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Since its announcement, the 2020 Toyota Yaris has made headlines — and not always in a good way. Most reviews criticized the Yaris’s extreme lack of performance, mostly due to its 106 horsepower engine.

While other countries are getting a version of the car modeled on the FIA World Rally Championship’s Yaris rally car, the Yaris hatchback coming to America is a sign that perhaps Toyota’s competitors were correct to move away from the subcompact class.

What the 2020 Toyota Yaris Hatchback does right

When a vehicle has the reception that followed the 2020 Toyota Yaris Hatchback, it can be difficult to find anything positive to discuss. However, the Yaris Hatchback available in the U.S. does have some upside.

The Car and Driver review of the 2020 model praised its handling. Even in a hatchback, being fun to drive is an important part of any vehicle purchase. They went on to say,

“Despite its crude torsion-beam rear axle and tiny rear drum brakes, it’s fun to toss around and welcomes being hustled. There’s more grip than you would expect, and its body motions are well controlled.”

In addition to the handling, the gas mileage is serviceable. Although the Car and Driver test didn’t meet the estimated 32 mpg city/40 mpg highway while pushing the vehicle to the limit, those numbers are likely achievable by a more patient driver.

Some vehicles simply aren’t meant to be exciting, and the 2020 Toyota Yaris Hatchback seems to have found its place in the market.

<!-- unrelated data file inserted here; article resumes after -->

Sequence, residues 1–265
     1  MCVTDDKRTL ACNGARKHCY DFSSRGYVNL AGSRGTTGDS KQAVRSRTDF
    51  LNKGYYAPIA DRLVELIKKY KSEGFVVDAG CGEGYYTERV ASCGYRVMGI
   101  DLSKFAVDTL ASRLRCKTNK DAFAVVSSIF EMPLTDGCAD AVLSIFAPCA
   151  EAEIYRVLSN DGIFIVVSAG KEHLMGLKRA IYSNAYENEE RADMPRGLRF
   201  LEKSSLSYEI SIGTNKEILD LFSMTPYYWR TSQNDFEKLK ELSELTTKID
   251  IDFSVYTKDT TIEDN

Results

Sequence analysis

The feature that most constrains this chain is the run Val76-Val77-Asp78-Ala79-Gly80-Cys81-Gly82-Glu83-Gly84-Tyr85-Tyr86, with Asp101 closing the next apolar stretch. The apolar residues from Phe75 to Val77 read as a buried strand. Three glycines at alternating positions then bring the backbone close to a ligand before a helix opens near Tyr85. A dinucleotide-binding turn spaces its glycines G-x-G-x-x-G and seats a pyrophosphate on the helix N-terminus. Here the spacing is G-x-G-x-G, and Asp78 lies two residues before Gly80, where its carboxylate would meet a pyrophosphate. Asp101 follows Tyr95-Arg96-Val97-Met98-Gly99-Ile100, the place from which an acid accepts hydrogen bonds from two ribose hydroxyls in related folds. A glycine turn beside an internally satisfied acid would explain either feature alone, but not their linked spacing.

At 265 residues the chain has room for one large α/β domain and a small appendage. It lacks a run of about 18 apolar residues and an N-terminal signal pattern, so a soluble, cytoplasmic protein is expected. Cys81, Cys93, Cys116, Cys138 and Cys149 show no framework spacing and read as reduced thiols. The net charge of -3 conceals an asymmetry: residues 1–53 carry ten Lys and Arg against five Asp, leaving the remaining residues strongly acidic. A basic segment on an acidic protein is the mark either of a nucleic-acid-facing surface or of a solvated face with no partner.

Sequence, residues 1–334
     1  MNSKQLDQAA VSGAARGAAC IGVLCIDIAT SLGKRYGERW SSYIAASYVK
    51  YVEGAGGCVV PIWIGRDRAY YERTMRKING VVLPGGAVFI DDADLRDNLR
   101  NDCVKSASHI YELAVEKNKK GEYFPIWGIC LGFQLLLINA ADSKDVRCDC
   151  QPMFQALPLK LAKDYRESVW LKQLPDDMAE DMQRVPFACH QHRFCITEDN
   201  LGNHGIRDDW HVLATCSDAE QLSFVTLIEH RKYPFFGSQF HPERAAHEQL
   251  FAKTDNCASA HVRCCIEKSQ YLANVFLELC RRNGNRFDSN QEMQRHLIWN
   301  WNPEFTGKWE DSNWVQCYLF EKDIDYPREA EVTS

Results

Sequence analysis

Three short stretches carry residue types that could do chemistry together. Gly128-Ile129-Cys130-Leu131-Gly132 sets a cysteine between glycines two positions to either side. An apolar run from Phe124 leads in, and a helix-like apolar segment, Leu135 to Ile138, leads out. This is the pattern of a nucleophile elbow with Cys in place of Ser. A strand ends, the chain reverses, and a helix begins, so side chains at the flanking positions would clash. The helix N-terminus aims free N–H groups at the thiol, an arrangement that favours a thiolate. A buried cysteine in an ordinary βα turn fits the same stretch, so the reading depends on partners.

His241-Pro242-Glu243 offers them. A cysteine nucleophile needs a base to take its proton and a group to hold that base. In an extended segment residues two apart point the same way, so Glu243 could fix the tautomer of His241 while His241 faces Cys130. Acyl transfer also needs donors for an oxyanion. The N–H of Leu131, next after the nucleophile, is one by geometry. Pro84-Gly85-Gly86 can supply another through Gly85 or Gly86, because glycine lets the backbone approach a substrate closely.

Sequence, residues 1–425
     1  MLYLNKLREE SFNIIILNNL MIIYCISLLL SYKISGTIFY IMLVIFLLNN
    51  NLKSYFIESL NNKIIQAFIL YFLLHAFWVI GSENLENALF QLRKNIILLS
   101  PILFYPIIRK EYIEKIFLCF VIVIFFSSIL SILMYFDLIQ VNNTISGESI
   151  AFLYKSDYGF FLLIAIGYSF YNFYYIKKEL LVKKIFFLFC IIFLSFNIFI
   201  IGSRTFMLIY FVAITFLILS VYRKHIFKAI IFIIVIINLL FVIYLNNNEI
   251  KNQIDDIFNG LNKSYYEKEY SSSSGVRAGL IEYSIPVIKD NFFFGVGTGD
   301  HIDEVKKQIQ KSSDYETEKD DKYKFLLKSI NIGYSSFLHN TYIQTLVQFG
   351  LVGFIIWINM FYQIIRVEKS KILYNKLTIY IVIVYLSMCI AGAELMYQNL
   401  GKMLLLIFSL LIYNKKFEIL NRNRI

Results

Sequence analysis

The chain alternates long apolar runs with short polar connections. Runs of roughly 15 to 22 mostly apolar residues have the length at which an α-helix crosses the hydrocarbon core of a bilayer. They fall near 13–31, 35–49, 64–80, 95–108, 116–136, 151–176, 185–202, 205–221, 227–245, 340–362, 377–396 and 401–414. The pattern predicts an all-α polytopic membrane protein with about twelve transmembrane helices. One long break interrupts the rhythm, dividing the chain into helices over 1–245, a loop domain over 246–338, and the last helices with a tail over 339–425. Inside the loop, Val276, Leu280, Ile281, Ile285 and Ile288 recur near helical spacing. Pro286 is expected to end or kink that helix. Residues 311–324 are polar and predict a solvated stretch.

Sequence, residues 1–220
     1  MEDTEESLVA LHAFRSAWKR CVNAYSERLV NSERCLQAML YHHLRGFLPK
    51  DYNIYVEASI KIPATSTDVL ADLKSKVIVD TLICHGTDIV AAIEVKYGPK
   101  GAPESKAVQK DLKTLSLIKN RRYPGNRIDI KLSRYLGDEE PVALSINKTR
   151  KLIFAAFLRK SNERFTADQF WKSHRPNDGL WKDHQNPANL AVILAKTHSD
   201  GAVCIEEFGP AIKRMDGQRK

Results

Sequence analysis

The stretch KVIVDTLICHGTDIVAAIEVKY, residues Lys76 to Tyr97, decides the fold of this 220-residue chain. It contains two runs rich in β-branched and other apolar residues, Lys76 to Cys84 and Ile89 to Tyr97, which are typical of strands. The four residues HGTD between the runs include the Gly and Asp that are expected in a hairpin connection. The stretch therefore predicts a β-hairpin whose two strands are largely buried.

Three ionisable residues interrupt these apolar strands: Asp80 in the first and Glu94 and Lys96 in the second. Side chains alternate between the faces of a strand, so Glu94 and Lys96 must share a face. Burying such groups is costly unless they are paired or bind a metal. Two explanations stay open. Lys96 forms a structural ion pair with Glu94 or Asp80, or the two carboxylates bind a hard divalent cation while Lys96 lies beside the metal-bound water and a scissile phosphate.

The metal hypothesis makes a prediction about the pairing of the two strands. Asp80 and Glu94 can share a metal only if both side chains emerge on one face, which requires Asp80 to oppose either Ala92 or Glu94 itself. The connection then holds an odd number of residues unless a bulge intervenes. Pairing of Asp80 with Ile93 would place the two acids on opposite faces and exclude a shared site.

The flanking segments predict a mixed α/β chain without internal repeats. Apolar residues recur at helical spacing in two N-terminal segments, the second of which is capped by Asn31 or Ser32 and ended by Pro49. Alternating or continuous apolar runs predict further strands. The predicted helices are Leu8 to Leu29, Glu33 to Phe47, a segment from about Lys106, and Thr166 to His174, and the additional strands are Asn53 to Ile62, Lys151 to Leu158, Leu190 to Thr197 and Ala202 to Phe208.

The downsides


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Unfortunately, the Yaris Hatchback falls so short in the performance department that it manages to sabotage the gains it makes in other areas. As noted in the Car and Driver review, the transmission (which is only available in automatic) seems to sit far too long in second gear, redlining at 6.4k RPM before clicking into third.

The aforementioned excellent handling simply doesn’t have anything to do when the vehicle struggles to muster barely 100 horsepower.

The build of the vehicle is fine and the look of the car is an improvement over previous models. For its class, the Yaris Hatchback does a great job of looking appealing. Both the interior and exterior of the vehicle are built well and please the eye, comparing favorably against competitors in its class.

Along with the look of the car, the Yaris Hatchback also scores points with the price. There are two trim options available for purchase: the LE and the XLE.

The XLE, the most expensive option, comes with a laundry list of features, including “convincing leatherette upholstery, automatic climate control, rain-sensing wipers, LED headlights, leather on its steering wheel, shift knob, and parking-brake handle”. All this for under $20k isn’t bad if you’re willing to forgive the performance issues.

Indeed, many hatchback customers won’t ever have the need to go faster than 65 mph. The long second gear and the low top-end power simply won’t matter to a massive portion of car-buying customers.

Entering 2020, Americans were driving more than ever. Although we’ve seen a recent dip in overall mileage, once everyone is back on the road fuel efficiency will be paramount. The Yaris hatchback is perfectly positioned as an inexpensive vehicle that fulfills the role of a hatchback, even if the towing capacity tops out at 1,200 pounds.

The bottom line

Many consumers simply don’t need a hatchback. In a lot of cases, a sedan will do just fine. But for those looking for something with a little more cargo space, inexpensive models like the 2020 Toyota Yaris Hatchback provide an entry to the hatchback world without sacrificing too much functionality.

If you’re fine with the low performance — and that’s a big if — the Yaris hatchback may fill its role perfectly